Eberhard Jüngel and Helmut Gollwitzer on Socialism and Solidarity: The Full Mon...I mean...Intro...

Something of a love-hate relationship exists between the liberation and “Barthian” theological movements. On the one hand, some proponents of the latter claim that Barth’s theology is not only contextual but liberationist, going so far as to argue that “it is indisputable that a direct line goes from [Barth] to the liberation movements and liberation theology.” On the other hand, some proponents of the former see Barth’s approach to theology as an impediment to contextual and liberationist theological approaches. James Cone is perhaps the most significant voice in this camp.

In his relatively recent book The Cross and the Lynching Tree, Cone criticizes Barth for disconnecting theology from experience, and especially the experience of marginalized peoples: “Unless we look at the ‘facts of experience,’ . . . what we say about the cross remains at the level of theological abstraction, like Karl Barth’s Word of God, separated from the real crosses in our midst.” Cone’s criticism of Barth has stood for at least 30 years. In the preface to the 1986 edition of his A Black Theology of Liberation, Cone makes clear that he has moved beyond the “neo-orthodox theology of Karl Barth.” Such theology is problematic because it appeals to an “‘abstract’ revelation” that is “independent of human experiences, [and] to which theologians can appeal for evidence.” Cone argues instead that “God meets us in the human situation, not as an idea or concept.”

A core aspect of Cone’s criticism concerns the relationship between theory and praxis. While Barth did not approach the issue in these, preferring more strictly dogmatic discourses, certain of those who have sought to do theology “after” Barth in constructive dialogue with his legacy have found it necessary to speak in these terms. Among the most prominent of these are Eberhard Jüngel and Helmut Gollwitzer, who typically represent opposing sides in the reception of Barth’s theology. Providing a comprehensive survey of Jüngel and Gollwitzer’s discussions of the relation between theory and praxis is too large a task to take up here. Instead, I will conduct a case study on the subject by focusing on an exchange of papers between them in the 1970s on the topic of political theology. First, I will explicate the essay from Jüngel that precipitated this exchange with Gollwitzer. Second, I will analyze the discussion that unfolds between the two theologians, highlighting the key themes of socialism and solidarity as they emerge. Third and finally, I will offer a concluding reflection on the distance between how Jüngel and Gollwitzer relate theory and praxis as seen in this exchange. We will see that Gollwitzer binds theory more tightly to praxis than does Jüngel.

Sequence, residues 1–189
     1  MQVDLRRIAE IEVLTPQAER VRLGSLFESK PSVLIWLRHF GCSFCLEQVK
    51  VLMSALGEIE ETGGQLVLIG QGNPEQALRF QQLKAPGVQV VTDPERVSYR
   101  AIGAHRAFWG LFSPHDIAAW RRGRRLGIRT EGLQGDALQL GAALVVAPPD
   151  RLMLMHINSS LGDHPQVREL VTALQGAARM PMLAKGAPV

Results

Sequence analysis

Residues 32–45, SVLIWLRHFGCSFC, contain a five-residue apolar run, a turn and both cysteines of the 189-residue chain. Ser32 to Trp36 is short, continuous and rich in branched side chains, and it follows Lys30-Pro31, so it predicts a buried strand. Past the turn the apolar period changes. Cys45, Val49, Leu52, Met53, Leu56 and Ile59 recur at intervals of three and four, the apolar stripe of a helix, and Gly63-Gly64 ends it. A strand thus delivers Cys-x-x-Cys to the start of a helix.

[Ed. note: This is the full introduction from the paper that I'll be presenting later today at the Jüngel study group at the American Academy of Religion. Time restraints required that I only present a small portion of it.]

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Comments

Matthew Frost said…
Well, you know I'm with you on Golli against Jüngel. And as a Barthian, I'm quite fond of Cone's work; it does indeed seem to represent a line drawn from the opposition in the Kirchenkampf to the contexts of liberation. But that line wasn't Barth's; it had to be drawn, and drawn again and again, for the contemporary contexts into which useful ideas that appear in the earlier context could be drawn, out of and abstracted away from their serious racial, sexual, and interreligious failures in Barth's own formulations. Gollwitzer, as much as Cone, is necessary because Barth didn't go there.

On the other hand, and this is a lesser but still important critique, it seems like Cone's cited complaints about Barth are not in fact about Barth—rather, his problem derives from American reception history in which Brunner is the dominant text, and in which Barth is seldom read for himself when there is a neo-orthodox interpreter and critic who could be read to frame him. And those failures absolutely should be opposed!
jonny said…
Will the full paper be published somewhere?
It will come to light in due course. :-)

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